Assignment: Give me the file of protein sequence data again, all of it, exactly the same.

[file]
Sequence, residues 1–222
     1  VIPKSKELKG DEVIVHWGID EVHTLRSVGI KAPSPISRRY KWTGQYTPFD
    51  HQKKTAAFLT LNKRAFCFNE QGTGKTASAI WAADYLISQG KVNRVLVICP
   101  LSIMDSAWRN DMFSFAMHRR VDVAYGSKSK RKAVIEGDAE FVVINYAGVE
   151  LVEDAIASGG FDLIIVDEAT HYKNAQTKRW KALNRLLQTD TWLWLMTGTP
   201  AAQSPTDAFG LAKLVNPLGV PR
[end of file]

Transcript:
Sequence, residues 1–222
     1  VIPKSKELKG DEVIVHWGID EVHTLRSVGI KAPSPISRRY KWTGQYTPFD
    51  HQKKTAAFLT LNKRAFCFNE QGTGKTASAI WAADYLISQG KVNRVLVICP
   101  LSIMDSAWRN DMFSFAMHRR VDVAYGSKSK RKAVIEGDAE FVVINYAGVE
   151  LVEDAIASGG FDLIIVDEAT HYKNAQTKRW KALNRLLQTD TWLWLMTGTP
   201  AAQSPTDAFG LAKLVNPLGV PR